Federal Reserve Says Bank Bail-Ins Coming To The USA

26 Jun
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On April 1st, this blog broke the full story of how G20 Governments All Agreed To Cyprus-Style Theft Of Banks Deposits … In 2010.

In recent days, numerous alternate media outlets have reported that Federal Reserve board member Jeremy Stein has confirmed this at an IMF-sponsored conference.

From Anglo Far East:

Please find a review of some data from a recent speech by a central banker that reinforces the rapid approach of “bail-ins”.

Link to download PDF of Jeremy Stein speech

The speech by Federal Reserve Board Member Jeremy Stein at an IMF-sponsored conference focused on “too big to fail” (TBTF) banks and “systemically important financial institutions” (SIFIs).

Stein said: “First, and most obviously, one goal is to get to the point where all market participants understand with certainty that if a large SIFI were to fail, the losses would fall on its shareholders and creditors, and taxpayers would have no exposure.”

And from gold proponent Jim Sinclair:

Bail-in is coming faster then we know. For god’s sake protect yourself. Come to the Q&A.

Governor Jeremy C. Stein
At the “Rethinking Macro Policy II,” a conference sponsored by the International Monetary Fund, Washington, D.C.
April 17, 2013

“First, and most obviously, one goal is to get to the point where all market participants understand with certainty that if a large SIFI (Significantly Important Financial Institutions) were to fail, the losses would fall on its shareholders and creditors……”

It is worth reviewing this blog’s report of April 1st for the full details of the BIS-funded, FSB-directed plan to steal your bank deposits when our banks begin to go under.

To “enable authorities to resolve failing financial firms in an orderly manner without exposing the taxpayer to the risk of loss.”

Conveniently ignoring that bank deposit holders are taxpayers too.

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4 Responses to “Federal Reserve Says Bank Bail-Ins Coming To The USA”

  1. mick June 26, 2013 at 9:31 am #

    What is being discussed here is the transfer of debt to the public sector. So how does that work? Investors get the returns when their investments go well and the taxpayer picks up the bill when they go sour.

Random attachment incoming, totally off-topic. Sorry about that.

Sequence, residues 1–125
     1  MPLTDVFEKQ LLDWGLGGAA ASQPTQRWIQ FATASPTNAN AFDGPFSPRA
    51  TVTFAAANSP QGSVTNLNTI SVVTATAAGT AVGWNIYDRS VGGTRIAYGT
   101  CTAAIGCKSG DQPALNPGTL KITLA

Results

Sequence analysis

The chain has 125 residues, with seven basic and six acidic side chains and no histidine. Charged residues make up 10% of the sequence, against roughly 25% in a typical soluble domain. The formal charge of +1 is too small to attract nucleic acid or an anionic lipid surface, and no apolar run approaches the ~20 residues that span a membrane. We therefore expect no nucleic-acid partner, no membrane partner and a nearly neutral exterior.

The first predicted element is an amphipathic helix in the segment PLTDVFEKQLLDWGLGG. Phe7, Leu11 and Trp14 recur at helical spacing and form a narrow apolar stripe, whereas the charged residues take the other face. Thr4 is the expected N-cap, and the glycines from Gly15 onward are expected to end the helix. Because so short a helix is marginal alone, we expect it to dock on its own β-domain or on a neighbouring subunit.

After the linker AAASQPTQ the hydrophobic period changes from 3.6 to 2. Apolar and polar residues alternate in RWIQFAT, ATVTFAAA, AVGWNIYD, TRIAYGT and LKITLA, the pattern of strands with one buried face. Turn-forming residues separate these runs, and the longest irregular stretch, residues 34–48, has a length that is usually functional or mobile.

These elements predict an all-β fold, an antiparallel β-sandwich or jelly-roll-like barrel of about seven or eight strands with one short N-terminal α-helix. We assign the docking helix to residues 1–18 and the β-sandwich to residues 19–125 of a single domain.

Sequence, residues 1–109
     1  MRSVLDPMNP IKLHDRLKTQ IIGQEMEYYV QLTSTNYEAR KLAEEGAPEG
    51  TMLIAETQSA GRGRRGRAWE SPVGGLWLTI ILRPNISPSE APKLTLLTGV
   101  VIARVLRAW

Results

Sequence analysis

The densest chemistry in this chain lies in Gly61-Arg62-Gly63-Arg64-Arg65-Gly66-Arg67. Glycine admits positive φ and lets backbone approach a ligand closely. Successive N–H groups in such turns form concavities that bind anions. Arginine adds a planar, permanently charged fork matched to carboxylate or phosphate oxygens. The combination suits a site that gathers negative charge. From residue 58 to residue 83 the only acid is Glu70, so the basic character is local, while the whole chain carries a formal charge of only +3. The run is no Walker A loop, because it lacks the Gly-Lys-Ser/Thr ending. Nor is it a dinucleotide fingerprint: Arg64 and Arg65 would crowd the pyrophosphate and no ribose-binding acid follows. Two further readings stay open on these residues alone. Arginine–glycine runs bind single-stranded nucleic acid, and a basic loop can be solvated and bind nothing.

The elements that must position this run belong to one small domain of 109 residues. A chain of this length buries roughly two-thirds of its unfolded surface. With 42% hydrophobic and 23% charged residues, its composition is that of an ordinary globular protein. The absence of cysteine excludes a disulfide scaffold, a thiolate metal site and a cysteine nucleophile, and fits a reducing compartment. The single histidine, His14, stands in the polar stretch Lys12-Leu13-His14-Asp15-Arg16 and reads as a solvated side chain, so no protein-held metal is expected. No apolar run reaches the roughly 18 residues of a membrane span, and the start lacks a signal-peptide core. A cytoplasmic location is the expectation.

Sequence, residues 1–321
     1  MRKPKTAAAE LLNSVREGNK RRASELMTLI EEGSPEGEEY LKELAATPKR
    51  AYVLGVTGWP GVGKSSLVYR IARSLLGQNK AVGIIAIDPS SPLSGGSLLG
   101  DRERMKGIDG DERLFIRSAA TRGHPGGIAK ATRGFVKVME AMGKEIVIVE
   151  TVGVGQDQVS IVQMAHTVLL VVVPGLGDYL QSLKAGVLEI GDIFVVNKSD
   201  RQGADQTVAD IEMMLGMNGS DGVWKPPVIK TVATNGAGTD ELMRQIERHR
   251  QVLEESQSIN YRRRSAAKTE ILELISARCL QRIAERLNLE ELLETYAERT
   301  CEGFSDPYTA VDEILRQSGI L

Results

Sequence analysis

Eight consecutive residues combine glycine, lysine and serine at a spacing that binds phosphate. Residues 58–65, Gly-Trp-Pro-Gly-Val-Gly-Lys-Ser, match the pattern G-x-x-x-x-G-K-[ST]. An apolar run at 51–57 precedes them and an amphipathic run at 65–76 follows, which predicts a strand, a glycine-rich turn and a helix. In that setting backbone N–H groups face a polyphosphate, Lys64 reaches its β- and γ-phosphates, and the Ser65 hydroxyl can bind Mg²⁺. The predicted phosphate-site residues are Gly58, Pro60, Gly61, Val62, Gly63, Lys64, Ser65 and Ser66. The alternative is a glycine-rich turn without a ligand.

Talk of “too big to fail” and “systemically important financial institutions” scare the heck out of me as traditionally badly run businesses went broke and their CEOs and executive staff found it hard to get work thereafter. This is how it should play out if there is ‘accountability’ in the financial system.

    The frightening aspect of what has been happening since the GFC is that the scumbag banking industry has enjoyed perpetuity rather than extinction for badly run organisations. I recall that Goldman Sachs and Lehman Bros were paying bonuses after they got government bailout rescue packages just after the GFC. Worse than that not one single person went to prison in the wake of the carnage.

    There are truly worrying signs with what has transpired in recent times and one wonders if apathetic populations are ripe for the picking.

    • The Blissful Ignoramus June 26, 2013 at 9:37 am #

      “What is being discussed here is the transfer of debt to the public sector”

      Actually, what is being discussed here is a grand plan (courtesy of the BIS / FSB) not to transfer private debt to the public sector, but to use bank deposit holders’ money to “bail-in” the banks instead.

      It won’t work, of course, as there is nowhere near enough in bank deposits to even come close to papering over the massive liabilities of the banks. It is just a clever, diabolical scheme to instantly impoverish anyone left in the Western world who still hasn’t been rendered impoverished by unemployment, debt (mortgage) servitude, etc.

      • mick June 26, 2013 at 10:03 am #

        Correct. That is what is being discussed.

        You have previously correctly stated that the financial position of banks is tenuous and this is their Achilles Heel.

        Confiscating bank deposits is morally wrong but then corruption has many faces. The irony is that ordinary people who have for the most part worked hard and saved are, as always, the lemmings who are taken for a ride. When will it ever be different.

        • The Blissful Ignoramus June 26, 2013 at 10:17 am #

          Exactly right Mick.

          Interestingly, it has always been the case that bank “creditors” (i.e., depositors) would lose their money if a bank went under. What I find appalling about the chronology of recent years is that, in the GFC, the government (taxpayer) bailout of banks, along with depositor guarantees, served the purpose of making people believe government would protect their savings in a crisis. Even though that is actually the opposite of how things were done in the past. Now, the new FSB-directed “bail-in” regime — under cover of government and mainstream media silence — means that the people have been lulled into a false sense of security that government will protect their savings, when the opposite (reversing policy, again) is now being prepared throughout the G20, with Cyprus as the test case.

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